Respecting the Authors of Elit

I chose Inform 7 for my creative project because the idea of a text adventure fascinates me.  Playing Colossal Cave Adventure for class was my first experience with a text adventure game, and I absolutely loved it.  It surprised me.  It is such a seemingly simple game, with only words to convey the story and world that you are interacting with, and yet I enjoyed playing it almost as much as I enjoy playing Assassin’s Creed or Skyrim.  I was hooked.  I wanted to be able to do the same thing – create an enriching, interactive world with nothing but words.  As a writer, I figured it would be easy.  Just a little bit of Inform programming language to learn.  No biggie.

Oh, how the mighty have fallen.

My creative project, “Murder So Sweet,” did not turn out to be what I’d hoped for.  I had so many issues battling Inform for correct wording that I almost flung my computer out the window and then spit on it a few times.  I had one idea where the player would have to retrieve a flashlight to light up a dark room, otherwise they wouldn’t be able to see what was in the room and thus miss out on part of the story.  Two days later, and I finally managed to beat Inform 7 into complacency.  While the included guidebook was relatively useful for the simpler mechanics, I was left mostly on my own to figure out specifics.  I finally found the section on lit/unlit objects, and was finally able to make the flashlight work as it supposed to, and had a mini dance party after I’d figured it out, but the fact that I spent two days trying to work a flashlight resonated.  It was so simple.  Only a few lines of text in programming for a measly two seconds of interaction in the game, and yet I had spent two complete, full, frustrating days on it.

I grew immediate respect for the creators of complex text adventures like Colossal Cave Adventure, or Shade, or Everything Dies.  I had enough problems making the fairly simplistic storyline of my own text adventure; how had these authors fared with theirs, which were so much more complicated than mine?  Inform 7 is not as intuitive as I’d hoped it would be – you have to actually know what you’re doing if you want to get anything done.  I have major respect (not that I didn’t have any before, but now it’s been multiplied by about nine thousand) for anyone who tries to program anything.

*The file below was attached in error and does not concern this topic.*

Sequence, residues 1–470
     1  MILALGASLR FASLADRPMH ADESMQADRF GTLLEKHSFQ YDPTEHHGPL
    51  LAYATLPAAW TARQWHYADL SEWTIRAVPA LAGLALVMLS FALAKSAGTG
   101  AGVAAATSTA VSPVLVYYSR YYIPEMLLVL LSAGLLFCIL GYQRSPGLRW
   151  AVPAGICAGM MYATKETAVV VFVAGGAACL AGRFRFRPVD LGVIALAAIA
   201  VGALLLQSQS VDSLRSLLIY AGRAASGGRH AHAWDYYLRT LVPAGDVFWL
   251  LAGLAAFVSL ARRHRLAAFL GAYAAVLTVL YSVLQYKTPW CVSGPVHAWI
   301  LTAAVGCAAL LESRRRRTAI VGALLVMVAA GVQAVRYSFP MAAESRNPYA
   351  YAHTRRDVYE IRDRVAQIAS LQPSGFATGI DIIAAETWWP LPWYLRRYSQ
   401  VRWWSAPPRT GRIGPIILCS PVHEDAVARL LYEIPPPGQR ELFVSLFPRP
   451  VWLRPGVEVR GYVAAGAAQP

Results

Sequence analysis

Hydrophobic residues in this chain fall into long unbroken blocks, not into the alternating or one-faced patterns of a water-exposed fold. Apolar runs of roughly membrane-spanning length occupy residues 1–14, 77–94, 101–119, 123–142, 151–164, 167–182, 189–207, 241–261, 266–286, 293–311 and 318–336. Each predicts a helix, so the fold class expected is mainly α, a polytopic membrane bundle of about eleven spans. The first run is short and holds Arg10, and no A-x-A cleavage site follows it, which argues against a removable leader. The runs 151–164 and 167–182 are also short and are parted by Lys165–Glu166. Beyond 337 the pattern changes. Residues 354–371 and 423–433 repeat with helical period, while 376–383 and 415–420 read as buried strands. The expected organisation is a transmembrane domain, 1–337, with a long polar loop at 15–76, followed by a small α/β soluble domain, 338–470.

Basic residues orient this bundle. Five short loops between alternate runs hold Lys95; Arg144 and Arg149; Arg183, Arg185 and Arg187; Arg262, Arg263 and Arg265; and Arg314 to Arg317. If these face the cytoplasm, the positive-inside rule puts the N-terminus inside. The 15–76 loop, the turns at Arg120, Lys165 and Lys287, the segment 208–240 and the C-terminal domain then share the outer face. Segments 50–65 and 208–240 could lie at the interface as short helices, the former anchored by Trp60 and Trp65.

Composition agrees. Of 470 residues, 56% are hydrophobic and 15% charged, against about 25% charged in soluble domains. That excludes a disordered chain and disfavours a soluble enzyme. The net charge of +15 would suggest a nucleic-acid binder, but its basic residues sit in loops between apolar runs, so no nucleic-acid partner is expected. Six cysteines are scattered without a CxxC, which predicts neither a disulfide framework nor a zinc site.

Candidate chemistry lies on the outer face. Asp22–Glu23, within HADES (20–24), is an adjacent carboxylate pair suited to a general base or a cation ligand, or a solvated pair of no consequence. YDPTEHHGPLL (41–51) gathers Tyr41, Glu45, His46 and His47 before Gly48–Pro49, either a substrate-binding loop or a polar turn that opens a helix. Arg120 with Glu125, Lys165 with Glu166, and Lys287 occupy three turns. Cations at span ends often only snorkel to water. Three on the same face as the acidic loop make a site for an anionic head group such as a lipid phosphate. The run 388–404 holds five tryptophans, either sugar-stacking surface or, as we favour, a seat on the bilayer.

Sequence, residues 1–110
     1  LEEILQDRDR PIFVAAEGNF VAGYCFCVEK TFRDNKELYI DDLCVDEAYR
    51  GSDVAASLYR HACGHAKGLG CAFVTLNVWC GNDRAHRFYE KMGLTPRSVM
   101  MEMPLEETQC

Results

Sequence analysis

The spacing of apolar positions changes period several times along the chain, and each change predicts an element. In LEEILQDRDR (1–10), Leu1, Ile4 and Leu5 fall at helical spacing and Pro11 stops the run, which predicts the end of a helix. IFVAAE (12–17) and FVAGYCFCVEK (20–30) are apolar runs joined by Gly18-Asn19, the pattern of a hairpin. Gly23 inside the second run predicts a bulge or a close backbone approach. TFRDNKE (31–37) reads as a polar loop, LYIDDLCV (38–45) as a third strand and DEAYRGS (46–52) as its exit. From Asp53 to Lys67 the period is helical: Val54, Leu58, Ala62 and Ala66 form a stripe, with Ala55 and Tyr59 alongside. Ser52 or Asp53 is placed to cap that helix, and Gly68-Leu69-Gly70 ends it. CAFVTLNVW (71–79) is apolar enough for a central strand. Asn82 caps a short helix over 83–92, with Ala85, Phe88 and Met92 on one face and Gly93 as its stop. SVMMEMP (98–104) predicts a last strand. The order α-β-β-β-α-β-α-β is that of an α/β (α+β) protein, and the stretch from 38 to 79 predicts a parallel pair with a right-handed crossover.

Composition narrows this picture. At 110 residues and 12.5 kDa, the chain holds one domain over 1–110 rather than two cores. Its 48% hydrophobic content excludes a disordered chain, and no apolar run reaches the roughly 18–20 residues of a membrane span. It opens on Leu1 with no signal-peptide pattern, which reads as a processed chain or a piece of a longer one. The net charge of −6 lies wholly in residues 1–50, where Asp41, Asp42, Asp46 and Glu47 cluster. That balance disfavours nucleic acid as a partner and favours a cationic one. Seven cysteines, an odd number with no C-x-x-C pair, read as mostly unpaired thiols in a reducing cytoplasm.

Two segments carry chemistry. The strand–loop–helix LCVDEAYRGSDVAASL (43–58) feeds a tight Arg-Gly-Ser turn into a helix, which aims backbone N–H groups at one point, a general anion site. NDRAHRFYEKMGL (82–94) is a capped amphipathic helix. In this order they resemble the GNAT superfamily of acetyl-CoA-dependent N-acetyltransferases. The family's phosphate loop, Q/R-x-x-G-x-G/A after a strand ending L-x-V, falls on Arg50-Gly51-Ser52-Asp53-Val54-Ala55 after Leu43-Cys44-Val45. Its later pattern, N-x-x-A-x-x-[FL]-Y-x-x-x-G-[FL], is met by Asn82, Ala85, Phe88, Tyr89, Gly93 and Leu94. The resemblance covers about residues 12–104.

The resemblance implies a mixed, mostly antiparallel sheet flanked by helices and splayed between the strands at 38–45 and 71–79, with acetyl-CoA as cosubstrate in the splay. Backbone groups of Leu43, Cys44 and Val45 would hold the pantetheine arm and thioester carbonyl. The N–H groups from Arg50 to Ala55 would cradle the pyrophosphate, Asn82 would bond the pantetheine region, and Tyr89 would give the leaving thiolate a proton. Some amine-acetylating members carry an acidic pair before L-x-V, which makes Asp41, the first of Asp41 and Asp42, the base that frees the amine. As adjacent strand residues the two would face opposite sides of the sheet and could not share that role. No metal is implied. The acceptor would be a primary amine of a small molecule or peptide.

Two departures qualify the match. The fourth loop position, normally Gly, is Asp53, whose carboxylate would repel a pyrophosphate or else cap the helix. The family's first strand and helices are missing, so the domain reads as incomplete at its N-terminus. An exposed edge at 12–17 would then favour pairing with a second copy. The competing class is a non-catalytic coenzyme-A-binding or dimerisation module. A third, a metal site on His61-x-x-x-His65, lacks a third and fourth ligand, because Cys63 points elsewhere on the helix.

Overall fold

Electronic literature – and I mean good, complex, deep electronic literature – is hard to make, possibly moreso than any other form of literature.  It takes a certain amount of talent, skill, and hours of practice to make anything that can be considered good art or literature.  But a creator of Elit has to also deal with the complexities of computers, which are difficult enough depending on one’s level of interaction with them, and has to make it interactive enough so the reader doesn’t just get bored and click away to another screen.  And computers are ornery little things.  They get viruses, work slow if you put too much on them, work slow if they’re really old, run out of power when you are five million miles from an outlet, kill batteries so that you either have to plug it in an outlet if you want to go anywhere or spend the money to buy a new battery, blue screen for the tiniest of reasons, freeze if you accidentally run iTunes and Pandora at the same time, and the list goes on and on.  Yes, they are awesome machines and can create amazing works of art and literature and technology, but they’re more likely to explode in your face than cooperate with what you’re trying to do.  Electronic literature deserves some major respect, not only for taking normal literature above and beyond by adding an interactive feature, but also for being created on one of the most difficult machines the modern era has ever created.

So even if my attempt at a text adventure didn’t turn out as successfully as I’d hoped, I at least learned a lot about the effort it takes to create a piece of electronic literature and how difficult it actually is.  So bravo, Elit authors.  You deserve an applause.

Leave a Reply

Your email address will not be published. Required fields are marked *